|Publication number||US6183226 B1|
|Application number||US 08/979,290|
|Publication date||Feb 6, 2001|
|Filing date||Nov 26, 1997|
|Priority date||Apr 24, 1986|
|Also published as||CA2311895A1, CA2311895C, WO1999027254A1|
|Publication number||08979290, 979290, US 6183226 B1, US 6183226B1, US-B1-6183226, US6183226 B1, US6183226B1|
|Inventors||Steven M. Wood, Brian E. Spencer|
|Original Assignee||Steven M. Wood|
|Export Citation||BiBTeX, EndNote, RefMan|
|Patent Citations (31), Referenced by (60), Classifications (23), Legal Events (8)|
|External Links: USPTO, USPTO Assignment, Espacenet|
This invention is a continuation-in-part of application Ser. No. 08/637,086, filed on Apr. 24, 1996, now U.S. Pat. No. 5,759,019, which is a continuation-in-part of application Ser. No. 08/447,122, filed May 22, 1995, now U.S. Pat. No. 5,611,397, which is a continuation-in-part of application Ser. No. 08/194,835, filed Feb. 14, 1994, now U.S. Pat. No. 5,417,281, all of which are incorporated herein as reference.
This invention relates to improvements in progressive cavity style devices of the type composed of a helicoidal rotor acting with a complimentary helicoidal stator and also well known as a “Moineau pump” which is used in this instance as a motor to drive other equipment.
Progressive cavity pumps have been known since their invention was disclosed in U.S. Pat. No. 1,892,217, entitled “Gear Mechanism” to Moineau. The helicoidal rotor and the stator engage with each other along a sealing line to create cavities which progress axially as the rotor is rotated relative to the stator. Because of the required sealing and sliding contact concept of a Moineau pump, the stator and the rotor become subject to extensive wear, which necessitates frequent replacement of the stator and/or the rotor. Commercially available Moineau pumps, as well as those disclosed in the prior art, require extensive disassembly of the pumping apparatus to replace the worn stator and/or rotor, in addition to the down time loss of use. In a pump device, rotary motion is applied to the rotor which causes fluids and solids to be passed therethrough. Where the progressive cavity device is used as a motor, one method is to apply fluid pressure to the cavity to cause the rotor to rotate, the power therefrom having many uses. In the case of use in drilling wells, the ability to decrease the frequency of down time and extend the useful life of the motor is a desired objective.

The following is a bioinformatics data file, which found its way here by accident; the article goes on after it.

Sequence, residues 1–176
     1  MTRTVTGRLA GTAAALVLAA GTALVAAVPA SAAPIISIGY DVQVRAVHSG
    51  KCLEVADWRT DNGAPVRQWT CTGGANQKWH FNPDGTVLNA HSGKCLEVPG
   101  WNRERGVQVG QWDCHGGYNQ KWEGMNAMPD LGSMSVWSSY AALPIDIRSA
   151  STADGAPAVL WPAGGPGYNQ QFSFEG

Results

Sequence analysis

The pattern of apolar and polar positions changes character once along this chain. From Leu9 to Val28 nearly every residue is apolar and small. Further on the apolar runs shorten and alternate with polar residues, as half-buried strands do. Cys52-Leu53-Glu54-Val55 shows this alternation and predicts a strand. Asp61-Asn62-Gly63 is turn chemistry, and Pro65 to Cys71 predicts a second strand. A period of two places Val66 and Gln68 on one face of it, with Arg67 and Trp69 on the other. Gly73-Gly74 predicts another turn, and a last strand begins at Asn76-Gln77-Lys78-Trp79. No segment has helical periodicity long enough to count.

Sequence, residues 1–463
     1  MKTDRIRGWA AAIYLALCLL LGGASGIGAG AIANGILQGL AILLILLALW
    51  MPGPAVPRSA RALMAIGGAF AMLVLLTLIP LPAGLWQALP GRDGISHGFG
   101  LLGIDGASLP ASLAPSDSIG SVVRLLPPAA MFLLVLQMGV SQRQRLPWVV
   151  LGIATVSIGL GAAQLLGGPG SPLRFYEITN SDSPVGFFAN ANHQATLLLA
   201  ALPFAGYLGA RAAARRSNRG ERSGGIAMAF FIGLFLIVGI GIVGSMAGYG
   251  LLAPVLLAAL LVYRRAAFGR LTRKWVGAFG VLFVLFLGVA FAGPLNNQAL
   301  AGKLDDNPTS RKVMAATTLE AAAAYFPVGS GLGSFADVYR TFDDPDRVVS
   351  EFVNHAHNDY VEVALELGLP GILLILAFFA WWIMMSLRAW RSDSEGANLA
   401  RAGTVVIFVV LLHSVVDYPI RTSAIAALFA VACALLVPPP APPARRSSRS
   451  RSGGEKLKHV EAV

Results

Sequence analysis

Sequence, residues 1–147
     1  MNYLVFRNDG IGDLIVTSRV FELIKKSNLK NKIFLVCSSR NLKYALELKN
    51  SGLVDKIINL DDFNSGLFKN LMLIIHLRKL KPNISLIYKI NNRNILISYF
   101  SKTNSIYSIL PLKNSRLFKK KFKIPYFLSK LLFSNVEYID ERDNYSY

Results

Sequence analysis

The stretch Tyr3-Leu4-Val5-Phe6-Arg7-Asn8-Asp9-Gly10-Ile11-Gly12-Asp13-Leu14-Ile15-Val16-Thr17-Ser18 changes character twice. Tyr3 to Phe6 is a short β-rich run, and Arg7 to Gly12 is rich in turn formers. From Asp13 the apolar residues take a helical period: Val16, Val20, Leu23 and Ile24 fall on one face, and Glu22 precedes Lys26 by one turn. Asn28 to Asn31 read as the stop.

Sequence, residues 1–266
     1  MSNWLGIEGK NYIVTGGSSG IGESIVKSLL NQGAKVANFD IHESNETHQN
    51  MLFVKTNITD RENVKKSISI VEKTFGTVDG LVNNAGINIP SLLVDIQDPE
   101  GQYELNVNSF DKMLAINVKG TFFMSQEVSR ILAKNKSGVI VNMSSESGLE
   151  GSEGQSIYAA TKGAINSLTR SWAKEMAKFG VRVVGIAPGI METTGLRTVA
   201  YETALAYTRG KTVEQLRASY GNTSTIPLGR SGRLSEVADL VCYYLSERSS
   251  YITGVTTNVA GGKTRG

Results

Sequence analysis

In a progressive cavity pump or motor, problems arise because the axial centerline of the rotor is required to orbit or gyrate relative to the centerline of the stator. Thus, there is a great deal of flexture that must be accounted for to obtain long life of parts. The art is filled with various types of universal joints, flexible shafts, and mechanical connections to compensate for the orbital or gyrating type of motion. Many of these are disclosed in U.S. Pat. Nos. 4,923,376 and 2,739,650.
Heretofore, the conventional Moineau pump and motor art has used a rubber or elastomer materials bonded to steel for the stator contact surface. Such elastomers include not only natural rubber, but also synthetics, such as G.R.S., Neoprene, Butyl and Nitrile rubbers, although there are other types such as soft PVC. The key, of course, is to make the elastomer property soft enough to maintain the sealed cavity, yet be hard enough to withstand the abrasive wear from the working contact between the rotor and the stator. The rotor in these instances is usually made of steel. Some efficiency of the pump/motor is lost because the elastomer mold must be thicker at the peaks of the helicoid in order to create the progressive cavity. This lack of uniform thickness creates compressibility differences which, at increasing pressures, causes bypass of the fluids being pumped. Thus, the pump/motor reaches a point where it is less efficient at ever increasing pressure. Because of the different thicknesses, there are different expansion characteristics and different rates and the pump does more work and builds up heat from the friction.
Rubber used as the stator contact surface is not preferable in high temperature environments because of its low heat conductivity. In addition, as progressive cavity devices increase in diameter and/or length, flow characteristics to maintain a successful and long lasting bond of the rubber to a steel housing becomes more difficult. Also, where hydrocarbons make up the material to be pumped, such as in oil producing wells, rubber is known to deteriorate. One attempt to overcome these problems is taught in U.S. Pat. No. 3,912,426 by using multiple stators connected in series with separate but connected rotors for each stator. The stators surfaces, however, are still composed of rubber.
Moineau type rotor and stator devices have been used heretofore for downhole drilling motors for drilling straight or deviated boreholes in earth formations. For instance, see the following U.S. Pat. Nos.:
In applicant's prior U.S. Pat. No. 5,417,281 and copending application Ser. No. 08/637,086 composites are taught for the progressive cavity pump/motor parts and for the tubing used to carry fluids to the progressive cavity pump.